This is the final article in a three-part series which will culminate in a new eBook: How to Build the Business Case for Life Insurance Modernization. In this installment we identify pitfalls and opportunities to watch out for as you move from evaluation to ultimate approval of your project, based on our 25 years’ experience in the industry.
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From evaluation to project approval
Identifying your company’s modernization project requirements and then finding suitable vendors through an RFI/RFP process is only half the battle in preparing to modernize. The next steps in the vendor selection process are critical. In this phase, you need to pivot from information gathering to confirming that the vendor you will eventually work with can actually deliver on their promises.
Failure to prove that your chosen vendor has a solid implementation history creates risk that your modernization will suffer delays, implementation problems or budget overruns. In the worst cases, even overall project failure is not unheard of.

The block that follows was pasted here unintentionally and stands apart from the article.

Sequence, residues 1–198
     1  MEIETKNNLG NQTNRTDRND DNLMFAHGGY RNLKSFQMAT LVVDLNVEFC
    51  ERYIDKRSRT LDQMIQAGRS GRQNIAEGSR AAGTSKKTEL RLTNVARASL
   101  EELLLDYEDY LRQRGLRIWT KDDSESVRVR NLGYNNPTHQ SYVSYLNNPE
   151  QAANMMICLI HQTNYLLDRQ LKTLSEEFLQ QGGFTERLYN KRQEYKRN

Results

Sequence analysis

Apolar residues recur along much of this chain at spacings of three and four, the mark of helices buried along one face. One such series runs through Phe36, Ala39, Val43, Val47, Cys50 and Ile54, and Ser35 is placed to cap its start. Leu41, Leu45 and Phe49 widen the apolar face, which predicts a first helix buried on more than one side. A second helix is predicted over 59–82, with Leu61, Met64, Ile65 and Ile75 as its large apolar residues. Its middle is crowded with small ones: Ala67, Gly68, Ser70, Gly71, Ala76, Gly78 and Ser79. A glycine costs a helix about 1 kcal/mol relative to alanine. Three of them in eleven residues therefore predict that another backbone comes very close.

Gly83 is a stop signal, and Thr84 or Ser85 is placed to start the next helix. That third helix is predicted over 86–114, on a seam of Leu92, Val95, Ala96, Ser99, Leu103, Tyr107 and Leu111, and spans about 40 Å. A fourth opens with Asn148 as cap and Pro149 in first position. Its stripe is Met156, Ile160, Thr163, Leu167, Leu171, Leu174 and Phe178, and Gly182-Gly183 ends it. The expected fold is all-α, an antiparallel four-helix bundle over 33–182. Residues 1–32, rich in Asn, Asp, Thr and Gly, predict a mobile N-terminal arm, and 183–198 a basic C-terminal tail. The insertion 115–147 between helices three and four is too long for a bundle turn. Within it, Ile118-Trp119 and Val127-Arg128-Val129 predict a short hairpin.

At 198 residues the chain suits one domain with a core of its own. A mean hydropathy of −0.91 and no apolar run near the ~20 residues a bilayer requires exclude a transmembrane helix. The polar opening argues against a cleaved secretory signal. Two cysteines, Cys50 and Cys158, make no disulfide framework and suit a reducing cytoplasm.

To avoid that fate, take advantage of what we have learned working on these types of projects over the last twenty-five years—starting with evaluating vendor capabilities.
Step 1: Effectively evaluate software and implementation capabilities
After the RFP process is complete, the next step in your selection process is to evaluate potential vendors’ software and their ability to implement it. In this step the goal is to validate and verify the answers in the vendor’s proposal.
This is where you separate reality from fiction or wishful thinking in the vendor’s claims. Rather than taking the vendor’s word at face value, this is the time to check their credentials and client references.
To make this step worthwhile, it’s important to prepare a list of questions for their previous clients that probe into the vendor’s ability to deliver on what they claim to be able to do.
You’ll want to know:
- What was their relationship like?
- What they were like to work with? Did they send an experienced team?
- Did they stay on budget and meet all deadlines?
- Was their implementation plan well thought out to cover all the bases and provide contingencies?
- Did they deliver on all responsibilities at or above expectations?